My first bootleg tape was a ninety-minute BASF cassette of highlights from a show at Raceway Park, Englishtown, New Jersey, on September 3, 1977. My Garcia is god epiphany arrived when I heard “Mississippi Half Step Uptown Toodeloo.” The dynamic energy of the performance was superior to the truncated studio track. The between-verse guitar solos sparkled, but there was a long, masterful musical segment prior to the band singing the “Across the Rio Grande” bridge. Phil’s bass rumbled as the band paved the way for a two-tiered climax from Garcia. And then the Dead created something that had never existed before. Godchaux tinkled his keyboards in a manner that pleased Garcia. Jerry tweeted back like a singing robin. Everybody in the band was listening and slowly contributing. Things got heated, and before there was another soaring crescendo, the band wisely eased into the “Rio Grande” chorus—no need to be redundant. This was a distinctive masterpiece that could never be duplicated.

A few weeks later, Doug turned me on to the Cornell tape, the legendary show from 5-8-77. An extraordinary half-hour Scarlet > Fire kicks off the second set. Everything is sublime: inviting rhythm and tempo, expressive singing by Garcia, intricate improvisation by all involved. The music played the band. The segue between “Scarlet Begonias” and “Fire on the Mountain” separated the Dead from any other band I’d heard. They channeled strange alchemy and seemingly suspended time by dabbling in both songs—coming and going in the present moment. And few instrumentals in the band’s history match the burning intensity of the last solo in “Fire,” or the colossal jam in “Morning Dew.”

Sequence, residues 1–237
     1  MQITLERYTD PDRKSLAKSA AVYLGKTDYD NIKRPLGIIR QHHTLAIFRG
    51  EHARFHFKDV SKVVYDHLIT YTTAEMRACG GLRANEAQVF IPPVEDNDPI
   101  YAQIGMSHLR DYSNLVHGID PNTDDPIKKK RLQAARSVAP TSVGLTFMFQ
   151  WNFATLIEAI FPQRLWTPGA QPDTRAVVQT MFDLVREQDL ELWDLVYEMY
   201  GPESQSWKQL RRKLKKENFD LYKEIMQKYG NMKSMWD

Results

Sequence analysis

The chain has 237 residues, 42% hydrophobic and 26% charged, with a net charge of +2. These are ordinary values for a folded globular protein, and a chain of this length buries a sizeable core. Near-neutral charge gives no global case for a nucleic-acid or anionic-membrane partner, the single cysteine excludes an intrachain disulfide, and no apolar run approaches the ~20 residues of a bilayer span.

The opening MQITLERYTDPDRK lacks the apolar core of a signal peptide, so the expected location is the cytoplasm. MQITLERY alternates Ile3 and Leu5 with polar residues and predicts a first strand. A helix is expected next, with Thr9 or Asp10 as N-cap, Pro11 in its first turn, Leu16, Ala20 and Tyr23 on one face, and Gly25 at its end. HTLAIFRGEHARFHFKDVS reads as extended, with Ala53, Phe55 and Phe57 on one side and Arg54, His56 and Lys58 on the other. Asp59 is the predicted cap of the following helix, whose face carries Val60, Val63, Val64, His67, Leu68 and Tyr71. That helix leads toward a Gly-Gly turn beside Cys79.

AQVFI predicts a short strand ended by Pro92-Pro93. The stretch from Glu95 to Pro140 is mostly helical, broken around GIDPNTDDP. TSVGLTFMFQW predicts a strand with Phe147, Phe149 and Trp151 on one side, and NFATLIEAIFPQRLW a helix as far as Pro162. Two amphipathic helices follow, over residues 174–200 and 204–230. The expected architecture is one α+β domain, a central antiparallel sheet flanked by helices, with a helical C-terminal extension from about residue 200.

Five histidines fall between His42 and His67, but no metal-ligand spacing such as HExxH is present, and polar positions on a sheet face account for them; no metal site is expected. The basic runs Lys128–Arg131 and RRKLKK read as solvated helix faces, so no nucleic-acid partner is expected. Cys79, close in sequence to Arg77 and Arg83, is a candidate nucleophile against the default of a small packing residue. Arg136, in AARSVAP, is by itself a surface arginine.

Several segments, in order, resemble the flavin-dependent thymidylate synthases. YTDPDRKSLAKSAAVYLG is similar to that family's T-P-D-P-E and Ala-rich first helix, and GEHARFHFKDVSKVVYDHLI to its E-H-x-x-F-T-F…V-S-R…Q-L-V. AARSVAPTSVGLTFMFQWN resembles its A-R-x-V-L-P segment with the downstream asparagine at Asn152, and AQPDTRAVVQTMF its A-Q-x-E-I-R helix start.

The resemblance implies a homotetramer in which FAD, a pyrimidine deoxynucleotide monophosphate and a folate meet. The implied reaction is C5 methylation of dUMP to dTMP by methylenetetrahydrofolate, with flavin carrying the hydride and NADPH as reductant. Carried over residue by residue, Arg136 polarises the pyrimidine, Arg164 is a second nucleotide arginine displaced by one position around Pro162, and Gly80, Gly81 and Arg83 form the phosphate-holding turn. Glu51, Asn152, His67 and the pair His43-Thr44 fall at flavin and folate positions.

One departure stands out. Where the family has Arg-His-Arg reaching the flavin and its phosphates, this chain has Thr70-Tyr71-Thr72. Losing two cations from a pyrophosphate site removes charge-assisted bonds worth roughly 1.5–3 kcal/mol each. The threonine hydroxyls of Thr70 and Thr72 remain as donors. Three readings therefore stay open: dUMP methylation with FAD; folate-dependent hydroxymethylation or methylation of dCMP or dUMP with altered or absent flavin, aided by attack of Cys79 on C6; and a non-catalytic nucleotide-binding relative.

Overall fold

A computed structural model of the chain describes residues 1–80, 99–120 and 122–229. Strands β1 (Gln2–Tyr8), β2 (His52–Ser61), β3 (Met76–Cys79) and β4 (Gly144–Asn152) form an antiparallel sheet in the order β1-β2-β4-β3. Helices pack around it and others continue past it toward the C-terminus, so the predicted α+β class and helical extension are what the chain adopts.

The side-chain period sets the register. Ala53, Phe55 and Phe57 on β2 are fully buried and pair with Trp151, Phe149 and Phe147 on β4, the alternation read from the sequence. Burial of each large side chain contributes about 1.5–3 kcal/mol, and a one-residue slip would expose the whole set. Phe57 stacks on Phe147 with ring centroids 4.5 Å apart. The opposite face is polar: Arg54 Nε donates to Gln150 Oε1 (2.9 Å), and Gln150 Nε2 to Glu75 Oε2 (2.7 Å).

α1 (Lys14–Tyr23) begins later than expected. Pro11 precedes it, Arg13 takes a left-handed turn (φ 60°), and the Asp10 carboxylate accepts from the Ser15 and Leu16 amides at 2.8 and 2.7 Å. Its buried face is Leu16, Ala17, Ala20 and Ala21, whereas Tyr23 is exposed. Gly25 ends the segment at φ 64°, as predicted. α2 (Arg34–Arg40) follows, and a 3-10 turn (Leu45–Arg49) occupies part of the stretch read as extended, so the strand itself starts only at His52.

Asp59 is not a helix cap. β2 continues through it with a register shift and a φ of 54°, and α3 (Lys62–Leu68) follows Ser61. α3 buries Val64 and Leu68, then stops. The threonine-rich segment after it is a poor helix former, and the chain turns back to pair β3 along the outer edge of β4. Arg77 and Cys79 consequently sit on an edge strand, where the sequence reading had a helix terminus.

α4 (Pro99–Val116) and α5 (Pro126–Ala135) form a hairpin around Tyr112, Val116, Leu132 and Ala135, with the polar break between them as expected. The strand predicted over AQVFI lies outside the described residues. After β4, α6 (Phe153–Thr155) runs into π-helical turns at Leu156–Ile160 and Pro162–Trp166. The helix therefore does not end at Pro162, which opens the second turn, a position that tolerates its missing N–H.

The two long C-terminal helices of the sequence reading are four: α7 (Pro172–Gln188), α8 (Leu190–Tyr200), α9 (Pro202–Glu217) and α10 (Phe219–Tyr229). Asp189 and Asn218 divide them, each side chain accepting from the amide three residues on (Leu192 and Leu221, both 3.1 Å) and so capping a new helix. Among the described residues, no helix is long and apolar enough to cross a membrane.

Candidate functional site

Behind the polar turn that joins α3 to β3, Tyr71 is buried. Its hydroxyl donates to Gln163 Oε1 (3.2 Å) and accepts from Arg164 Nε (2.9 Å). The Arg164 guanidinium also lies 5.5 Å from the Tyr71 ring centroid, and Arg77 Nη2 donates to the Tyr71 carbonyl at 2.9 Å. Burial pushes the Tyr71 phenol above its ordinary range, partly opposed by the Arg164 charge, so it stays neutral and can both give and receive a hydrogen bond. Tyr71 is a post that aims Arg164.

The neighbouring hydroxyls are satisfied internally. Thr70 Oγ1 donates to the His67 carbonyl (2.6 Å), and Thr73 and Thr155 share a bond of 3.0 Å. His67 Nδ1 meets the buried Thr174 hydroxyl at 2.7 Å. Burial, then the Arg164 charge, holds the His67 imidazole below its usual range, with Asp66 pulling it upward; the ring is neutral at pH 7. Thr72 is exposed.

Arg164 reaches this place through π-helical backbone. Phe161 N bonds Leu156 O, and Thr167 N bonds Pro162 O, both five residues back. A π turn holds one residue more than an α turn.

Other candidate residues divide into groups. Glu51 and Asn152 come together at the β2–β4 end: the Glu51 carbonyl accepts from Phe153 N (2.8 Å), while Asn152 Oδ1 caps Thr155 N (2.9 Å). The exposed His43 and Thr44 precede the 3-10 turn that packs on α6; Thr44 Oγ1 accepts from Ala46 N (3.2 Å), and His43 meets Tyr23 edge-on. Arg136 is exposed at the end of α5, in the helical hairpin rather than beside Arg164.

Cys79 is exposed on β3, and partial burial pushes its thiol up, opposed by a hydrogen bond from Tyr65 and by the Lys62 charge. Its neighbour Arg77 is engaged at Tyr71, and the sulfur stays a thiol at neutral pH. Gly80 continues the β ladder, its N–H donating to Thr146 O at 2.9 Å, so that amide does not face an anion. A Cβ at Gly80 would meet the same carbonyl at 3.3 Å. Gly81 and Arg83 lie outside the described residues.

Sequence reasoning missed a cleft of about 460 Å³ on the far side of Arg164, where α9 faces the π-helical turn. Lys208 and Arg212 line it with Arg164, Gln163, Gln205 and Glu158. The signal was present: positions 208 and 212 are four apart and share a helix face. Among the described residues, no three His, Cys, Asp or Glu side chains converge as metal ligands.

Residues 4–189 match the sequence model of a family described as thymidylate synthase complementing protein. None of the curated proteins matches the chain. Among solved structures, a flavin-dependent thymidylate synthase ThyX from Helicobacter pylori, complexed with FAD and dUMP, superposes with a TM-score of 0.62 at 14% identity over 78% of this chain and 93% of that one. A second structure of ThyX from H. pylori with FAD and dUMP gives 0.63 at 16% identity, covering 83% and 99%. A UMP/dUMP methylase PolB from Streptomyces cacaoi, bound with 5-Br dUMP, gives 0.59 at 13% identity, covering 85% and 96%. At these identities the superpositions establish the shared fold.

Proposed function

Bootleg tapes like Englishtown and Cornell, as well as many other shows from 1969-1977, represent the Grateful Dead’s finest music. Bob Dylan is an outstanding live performer; however, you don’t have to listen to bootlegged performances to understand and measure his greatness. Although, sampling his unreleased live material is highly recommended because Dylan’s songs tend to evolve and change form as he plays them through the years. To truly understand the Grateful Dead—what they do, and what they are capable of—listening to their shows is essential.

                                                      A TALE OF TWISTED FATE

Monday, November 6, 2017

Colgate, Rochester and Binghamton: 40th Anniversary of Three Iconic Grateful Dead Shows

Excerpt from Grateful Dead 1977: The Rise of Terrapin Nation

            After their Toronto adventure, the Dead breezed into the middle of New York State and landed in Hamilton, one of the friendliest towns in America according to Forbes Magazine. Hamilton, which is 104 miles west of Albany, is home to one of the premier liberal arts schools in the country, Colgate University. The similarities between Colgate and Cornell were striking. A memorable evening was blowing in the wind on 11-4-77, which happened to be my fourteenth birthday. I had just discovered Led Zeppelin, and the Grateful Dead was a complete mystery to me. Although, any Deadhead takes great pride in a legendary show on their birthday, whether they were there or not.